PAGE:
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City warns residents not to swim in Westlake River

Posted by: Saving Water SA (Cape Town, South Africa) – partnered with Water Rhapsody conservation systems – 22 April 2010

Recent water samples taken of the Westlake River have confirmed the presence of blue-green algae, as well as the presence of the toxins associated with it.

Zandvlei

Due to its potential health risks, Dr Ivan Bromfield, Executive Director: City Health, would like to warn the general public of the Kirstenhof area, as well as recreational users who frequent the public open space along Westlake River, to exercise caution and avoid contact with the visible algae blooms until further notice.

This type of algae does not generally occur in flowing rivers. It has been established that a dam upstream has had a blue-green algae outbreak and therefore water flowing over the dam wall into the Westlake River carries with it blue-green algal cells. Investigations are also being undertaken downstream at Zandvlei since this river flows into the vlei. The saline conditions in the vlei should help to cause the algae to die off.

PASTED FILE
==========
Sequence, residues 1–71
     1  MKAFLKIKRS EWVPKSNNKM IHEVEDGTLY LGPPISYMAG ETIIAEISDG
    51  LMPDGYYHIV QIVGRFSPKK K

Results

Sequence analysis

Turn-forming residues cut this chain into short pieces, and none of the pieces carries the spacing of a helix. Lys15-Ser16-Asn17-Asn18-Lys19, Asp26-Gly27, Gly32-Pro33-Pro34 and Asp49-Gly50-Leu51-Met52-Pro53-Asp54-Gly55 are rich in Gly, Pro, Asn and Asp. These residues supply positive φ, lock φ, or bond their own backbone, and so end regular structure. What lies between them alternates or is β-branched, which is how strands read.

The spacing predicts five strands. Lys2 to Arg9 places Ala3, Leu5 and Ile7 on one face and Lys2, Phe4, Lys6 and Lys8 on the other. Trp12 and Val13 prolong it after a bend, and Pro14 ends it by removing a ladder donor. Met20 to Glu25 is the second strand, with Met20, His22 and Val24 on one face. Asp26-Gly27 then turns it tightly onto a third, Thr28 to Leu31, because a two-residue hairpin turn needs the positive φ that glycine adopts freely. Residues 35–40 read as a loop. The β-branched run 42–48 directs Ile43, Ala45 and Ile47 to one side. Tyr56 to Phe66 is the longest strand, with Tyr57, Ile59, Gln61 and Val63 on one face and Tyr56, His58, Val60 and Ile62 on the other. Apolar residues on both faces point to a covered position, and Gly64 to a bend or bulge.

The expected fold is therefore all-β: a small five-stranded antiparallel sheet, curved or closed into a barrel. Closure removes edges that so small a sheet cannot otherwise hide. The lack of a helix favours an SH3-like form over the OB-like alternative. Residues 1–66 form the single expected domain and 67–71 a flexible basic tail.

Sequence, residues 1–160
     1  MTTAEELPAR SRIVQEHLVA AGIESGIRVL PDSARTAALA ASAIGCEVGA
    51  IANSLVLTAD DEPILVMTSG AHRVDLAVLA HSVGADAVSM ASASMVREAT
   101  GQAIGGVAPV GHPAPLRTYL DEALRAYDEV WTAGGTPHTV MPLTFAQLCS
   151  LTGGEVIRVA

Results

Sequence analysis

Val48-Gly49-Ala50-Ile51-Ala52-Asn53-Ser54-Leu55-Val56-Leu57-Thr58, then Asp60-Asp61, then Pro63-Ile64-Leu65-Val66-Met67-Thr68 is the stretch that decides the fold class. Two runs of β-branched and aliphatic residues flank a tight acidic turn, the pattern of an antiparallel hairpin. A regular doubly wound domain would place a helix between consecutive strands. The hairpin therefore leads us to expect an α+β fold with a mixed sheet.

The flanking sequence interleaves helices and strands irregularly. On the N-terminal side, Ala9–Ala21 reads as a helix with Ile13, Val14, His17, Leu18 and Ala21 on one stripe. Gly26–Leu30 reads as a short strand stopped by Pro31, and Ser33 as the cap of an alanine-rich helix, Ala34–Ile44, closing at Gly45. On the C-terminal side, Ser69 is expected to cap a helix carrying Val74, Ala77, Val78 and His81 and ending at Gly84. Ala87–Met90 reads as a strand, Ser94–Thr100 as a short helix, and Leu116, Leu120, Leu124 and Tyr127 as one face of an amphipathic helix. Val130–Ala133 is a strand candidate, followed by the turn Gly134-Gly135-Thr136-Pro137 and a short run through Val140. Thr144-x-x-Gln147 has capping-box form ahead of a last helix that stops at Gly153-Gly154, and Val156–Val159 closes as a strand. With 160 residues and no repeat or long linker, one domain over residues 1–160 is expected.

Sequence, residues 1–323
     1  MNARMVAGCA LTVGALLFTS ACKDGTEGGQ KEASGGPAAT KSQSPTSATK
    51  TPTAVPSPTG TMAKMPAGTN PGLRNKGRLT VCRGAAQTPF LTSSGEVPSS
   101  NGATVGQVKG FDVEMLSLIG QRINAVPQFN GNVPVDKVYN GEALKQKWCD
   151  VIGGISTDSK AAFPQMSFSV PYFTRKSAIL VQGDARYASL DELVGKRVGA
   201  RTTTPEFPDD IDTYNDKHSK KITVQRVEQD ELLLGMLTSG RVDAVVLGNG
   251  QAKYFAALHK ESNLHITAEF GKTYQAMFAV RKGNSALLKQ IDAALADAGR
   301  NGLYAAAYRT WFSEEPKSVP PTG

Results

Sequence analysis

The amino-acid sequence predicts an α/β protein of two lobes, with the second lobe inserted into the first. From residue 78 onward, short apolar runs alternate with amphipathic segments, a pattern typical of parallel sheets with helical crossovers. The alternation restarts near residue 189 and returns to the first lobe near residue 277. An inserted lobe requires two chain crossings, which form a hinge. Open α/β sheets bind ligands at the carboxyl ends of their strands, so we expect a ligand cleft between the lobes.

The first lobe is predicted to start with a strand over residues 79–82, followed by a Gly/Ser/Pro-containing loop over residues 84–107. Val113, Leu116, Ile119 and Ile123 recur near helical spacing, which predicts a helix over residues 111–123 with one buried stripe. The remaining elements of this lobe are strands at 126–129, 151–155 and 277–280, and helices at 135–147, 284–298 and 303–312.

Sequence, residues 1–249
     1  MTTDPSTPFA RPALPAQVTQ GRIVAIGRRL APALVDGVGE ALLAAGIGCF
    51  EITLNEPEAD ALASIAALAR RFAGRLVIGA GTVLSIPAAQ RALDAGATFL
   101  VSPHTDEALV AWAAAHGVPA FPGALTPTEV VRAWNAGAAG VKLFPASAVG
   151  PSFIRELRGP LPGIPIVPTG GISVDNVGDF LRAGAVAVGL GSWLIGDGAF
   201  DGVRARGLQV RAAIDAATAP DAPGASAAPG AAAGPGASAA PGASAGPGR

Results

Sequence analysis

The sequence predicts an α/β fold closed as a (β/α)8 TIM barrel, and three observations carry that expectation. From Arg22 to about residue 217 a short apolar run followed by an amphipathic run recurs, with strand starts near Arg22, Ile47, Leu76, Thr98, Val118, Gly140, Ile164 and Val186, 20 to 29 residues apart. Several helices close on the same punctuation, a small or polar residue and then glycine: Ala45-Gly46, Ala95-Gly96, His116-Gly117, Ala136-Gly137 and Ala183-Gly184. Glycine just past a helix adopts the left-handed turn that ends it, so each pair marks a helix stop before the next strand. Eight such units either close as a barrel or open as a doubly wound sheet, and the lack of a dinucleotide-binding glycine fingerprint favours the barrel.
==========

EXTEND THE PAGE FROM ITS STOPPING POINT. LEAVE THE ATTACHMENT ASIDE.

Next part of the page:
“Blue-green algae and the toxins it releases can present a health hazard for those swimming or playing in the river, especially children and pets. We recommend that people stay out of the water and keep their dogs out of the river as well,” Bromfield said.

The algal blooms look like green, blue-green, white, or brown foam, scum or mats floating on the water. Recreational exposure to toxic blue-green algae can cause eye irritations, allergic skin rashes, mouth ulcers, vomiting, diarrhoea, and cold- and flu-like symptoms. Accidentally swallowing or drinking large amounts of contaminated water can be extremely dangerous. Should any person for any reason come into direct contact with the blue-green algae they should wash themselves immediately with clean water. If any symptoms are evident, they should immediately seek medical advice.

With proper precautions to avoid water contact, people can still use the public open space along Westlake River and enjoy activities that exclude any direct contact with the algae bloom or scum, such as biking and picnicking.

Warning signs informing the public of the presence of blue-green algae and its risks have been placed along Westlake River. As part of the City of Cape Town’s water quality monitoring programme regular water samples are taken in order to assess and evaluate the status of Westlake River and once the potential health risk has abated the warning signs will be removed.

Should any person require any further information the Wynberg Environmental Health Office can be contacted on 021 762 1202/5.

Source: City of Cape Town
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